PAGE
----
TRIGGER WARNING: Images of trafficked/kidnapped women experiencing emotional turmoil (second part of the post)
- I. The Good: Jacob, the Canadian clothing company, decides to stop retouching their fashion photography
Jacob, a Canadian based fashion retailer, announced this month that it will no longer be digitally altering the bodies of its fashion models in all of their promotional material for the upcoming fall season. To see a popular retailer (in Canada, at least) decide to implement such a controversial change is rather heartening. Admittedly, the company’s choice was made easier thanks to the recent moves towards some body acceptance being made by the magazine industry, as well as increasing demands for realism of body sizes from consumers. Regardless of their motivations, if Jacob adheres to its promises, this is a positive change in the fashion community as long as the company does not turn to using ever thinner models to achieve what Photoshop once did for them.
Is this move to less photo manipulation perfect? Certainly not. The company is still going retouch colours and skin textures, including the erasure of scars and tattoos. The idea that such common and/or natural traits are seen as making a photo imperfect rather than simply reflecting real individuals wearing the company’s clothing is rather disconcerting. Furthermore, the clothing company itself certainly does not support a particularly wide range of body sizes. The last time I stepped into the store, I could not fit anything other than tee-shirts and I am only a size fourteen. On the other hand, there are times when I take what I can get and I look forward to seeing Jacob’s fall campaign to see how well they have implemented their promises.
- II. The Terrible Beyond Comprehension: Suitcase Stickers and “Joking” about Abducted Women (Trigger warning begins here)
My high from seeing some potential change in the fashion industry was quickly halted when I ran across a news story detailing the sale of “suitcase stickers” meant to help differentiate luggage at airports. These stickers were meant to be applied to a piece of luggage and gave the illusion that it had been ripped open, showcasing illicit goods within the bag. For example, one sticker featured sex toys while others were covered in images of bags of cocaine or stacks of money. There was one design, however, that made me sick to my stomach. This one featured a woman in a flight attendant uniform stuffed into the bag, bound and crying. It was meant to invoke the “funny” idea that the owner of said luggage had abducted this woman during the flight. I’m not sure what sort of twisted, messed-up, cruel and inhuman individual would find this funny (other than the creators at the company thecheeky), but I sincerely wish that they would take a long flight off of my planet.
Abducting women and stuffing their bodies into luggage is not a topic which should be joked about. I am shocked and appalled that this even needs to be explained. Violating the idea of bodily integrity for a quick laugh is reprehensible. A woman is a human being, not simply a toy which can be thrown in a bag and used for shock value. In a world where trafficking of people is such a vast and uncontrolled problem and women’s bodies are seen as commodities, this suitcase sticker certainly isn’t challenging the status quo; in fact, it is embracing it as a joke, something that shouldn’t even be taken seriously. Humour should never be used to encourage and cement the marginalisation of groups of people in our society. Freedom of speech should not be used as a societal tool of oppression. And yet, this suitcase sticker is here and commentators have decried any negative response as a violation of fundamental rights and freedoms.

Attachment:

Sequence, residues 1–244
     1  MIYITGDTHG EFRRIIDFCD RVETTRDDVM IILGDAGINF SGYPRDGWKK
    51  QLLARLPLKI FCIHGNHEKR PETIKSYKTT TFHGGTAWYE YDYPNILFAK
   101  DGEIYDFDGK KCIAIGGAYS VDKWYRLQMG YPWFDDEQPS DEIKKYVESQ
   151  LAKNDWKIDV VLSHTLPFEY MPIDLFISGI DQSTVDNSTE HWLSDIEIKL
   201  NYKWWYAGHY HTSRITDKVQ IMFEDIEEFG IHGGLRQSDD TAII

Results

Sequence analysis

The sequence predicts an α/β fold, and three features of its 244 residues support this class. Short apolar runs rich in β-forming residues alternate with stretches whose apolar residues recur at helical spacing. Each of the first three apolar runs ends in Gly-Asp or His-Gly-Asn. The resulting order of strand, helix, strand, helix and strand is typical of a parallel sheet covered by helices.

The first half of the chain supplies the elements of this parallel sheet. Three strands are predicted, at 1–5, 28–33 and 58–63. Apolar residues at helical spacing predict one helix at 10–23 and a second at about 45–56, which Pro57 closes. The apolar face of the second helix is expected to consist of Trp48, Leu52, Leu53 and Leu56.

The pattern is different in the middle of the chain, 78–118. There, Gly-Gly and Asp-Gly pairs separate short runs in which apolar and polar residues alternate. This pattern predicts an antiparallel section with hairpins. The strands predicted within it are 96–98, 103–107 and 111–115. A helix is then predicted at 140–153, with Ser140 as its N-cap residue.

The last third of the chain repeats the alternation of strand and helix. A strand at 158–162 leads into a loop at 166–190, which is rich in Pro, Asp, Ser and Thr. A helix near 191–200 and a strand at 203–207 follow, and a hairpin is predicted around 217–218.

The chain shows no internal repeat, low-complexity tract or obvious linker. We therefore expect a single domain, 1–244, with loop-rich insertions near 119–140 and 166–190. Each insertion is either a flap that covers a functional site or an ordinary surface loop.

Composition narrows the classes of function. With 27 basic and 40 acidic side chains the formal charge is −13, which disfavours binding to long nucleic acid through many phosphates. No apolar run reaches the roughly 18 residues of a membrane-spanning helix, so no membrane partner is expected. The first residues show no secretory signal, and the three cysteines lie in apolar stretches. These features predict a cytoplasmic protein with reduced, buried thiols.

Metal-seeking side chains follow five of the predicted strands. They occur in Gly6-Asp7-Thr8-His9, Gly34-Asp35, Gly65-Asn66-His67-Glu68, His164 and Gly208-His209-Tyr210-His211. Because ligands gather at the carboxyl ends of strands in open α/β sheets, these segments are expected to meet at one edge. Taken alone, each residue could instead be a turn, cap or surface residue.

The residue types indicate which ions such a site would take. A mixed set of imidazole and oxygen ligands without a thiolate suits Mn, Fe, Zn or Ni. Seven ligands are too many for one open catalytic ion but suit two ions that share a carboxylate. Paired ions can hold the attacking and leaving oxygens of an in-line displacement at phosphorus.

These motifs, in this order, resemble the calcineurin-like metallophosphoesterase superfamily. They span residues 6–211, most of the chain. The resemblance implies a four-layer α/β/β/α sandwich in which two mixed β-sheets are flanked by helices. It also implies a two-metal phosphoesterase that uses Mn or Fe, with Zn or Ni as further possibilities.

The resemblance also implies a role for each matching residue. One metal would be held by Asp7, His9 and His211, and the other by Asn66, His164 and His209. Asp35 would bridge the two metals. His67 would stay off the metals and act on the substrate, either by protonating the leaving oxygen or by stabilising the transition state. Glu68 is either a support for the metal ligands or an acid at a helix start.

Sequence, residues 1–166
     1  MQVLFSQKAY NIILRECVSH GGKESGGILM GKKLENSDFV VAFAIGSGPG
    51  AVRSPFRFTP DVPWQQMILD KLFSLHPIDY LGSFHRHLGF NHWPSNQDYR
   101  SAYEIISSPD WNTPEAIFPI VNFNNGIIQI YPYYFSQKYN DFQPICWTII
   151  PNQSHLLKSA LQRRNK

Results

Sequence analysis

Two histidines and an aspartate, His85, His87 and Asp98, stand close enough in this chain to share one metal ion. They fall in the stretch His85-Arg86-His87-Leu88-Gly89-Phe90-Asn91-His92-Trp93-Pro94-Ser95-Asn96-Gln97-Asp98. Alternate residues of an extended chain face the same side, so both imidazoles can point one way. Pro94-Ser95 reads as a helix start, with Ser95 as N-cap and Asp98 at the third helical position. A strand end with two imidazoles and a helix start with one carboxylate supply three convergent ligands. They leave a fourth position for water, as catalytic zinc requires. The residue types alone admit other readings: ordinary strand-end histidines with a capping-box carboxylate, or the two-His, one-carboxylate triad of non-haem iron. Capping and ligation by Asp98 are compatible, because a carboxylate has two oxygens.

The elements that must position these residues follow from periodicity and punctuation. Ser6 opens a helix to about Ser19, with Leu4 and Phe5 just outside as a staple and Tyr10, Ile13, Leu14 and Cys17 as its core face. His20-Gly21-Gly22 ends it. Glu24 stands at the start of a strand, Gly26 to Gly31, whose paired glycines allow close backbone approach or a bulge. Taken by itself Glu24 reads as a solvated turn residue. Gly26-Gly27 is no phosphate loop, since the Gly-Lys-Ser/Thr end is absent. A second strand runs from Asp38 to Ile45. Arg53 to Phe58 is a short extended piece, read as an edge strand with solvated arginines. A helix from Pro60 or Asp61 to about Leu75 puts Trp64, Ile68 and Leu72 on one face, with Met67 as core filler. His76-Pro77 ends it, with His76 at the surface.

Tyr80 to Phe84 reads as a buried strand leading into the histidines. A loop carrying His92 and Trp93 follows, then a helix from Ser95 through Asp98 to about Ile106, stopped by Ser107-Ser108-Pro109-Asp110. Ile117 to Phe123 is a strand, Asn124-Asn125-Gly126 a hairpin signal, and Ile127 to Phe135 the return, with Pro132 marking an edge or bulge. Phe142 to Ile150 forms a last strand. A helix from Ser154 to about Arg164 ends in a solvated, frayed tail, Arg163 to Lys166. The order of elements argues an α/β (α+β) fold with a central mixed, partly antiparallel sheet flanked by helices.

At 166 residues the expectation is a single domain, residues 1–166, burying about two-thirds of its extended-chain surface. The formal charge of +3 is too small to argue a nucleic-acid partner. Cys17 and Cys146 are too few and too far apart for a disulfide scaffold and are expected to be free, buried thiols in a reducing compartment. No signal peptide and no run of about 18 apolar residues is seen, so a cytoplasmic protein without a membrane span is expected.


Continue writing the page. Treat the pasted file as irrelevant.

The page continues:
To all those who believe that these stickers are a civilised use of freedom of expression and to the company which has produced these vile products, I would like to say a few things to you. My body is more important than your short-term ability to giggle at the misfortune of others. My body is more important than your ability to feel better about your difficulties in the airport. My body is more important than your ability to spew hateful bullshit in both image and verbal form. Furthermore, all of the bodies of people who suffer from the burdens of kyriarchy are more important than the repression of some people’s ability to assert their privilege harmfully. In short, to anyone who thinks this suitcase sticker is “funny”, shut up, back off and think about how much power you have to have in order to be able to think that this is humourous. Ask yourself, what exactly makes this image funny? Why is the abuse of a woman inherently funny? Why is the abuse of any marginalised body funny?
In slightly better news, the Canadian Ministry of Transportation issued a statement which declared these suitcase stickers to be inexcusable, unsafe and potentially against the law. According to James Kusie, a representative of John Baird, the Transport Minister, “Joking about potentially trafficking illegal substances, or worse, is not funny, and the government will use the full force of the law to ensure Canadians who travel by air are safe,” (CBC.ca). While I doubt that my government was overly concerned with the message these suitcase stickers were promoting about the rights and value of women, this was certainly a somewhat positive response and thecheeky has officially stopped selling their product in Canada (although they announced that they hoped the Canadian government would reconsider and pointed to Britain as an example of a much more “humourous” nation).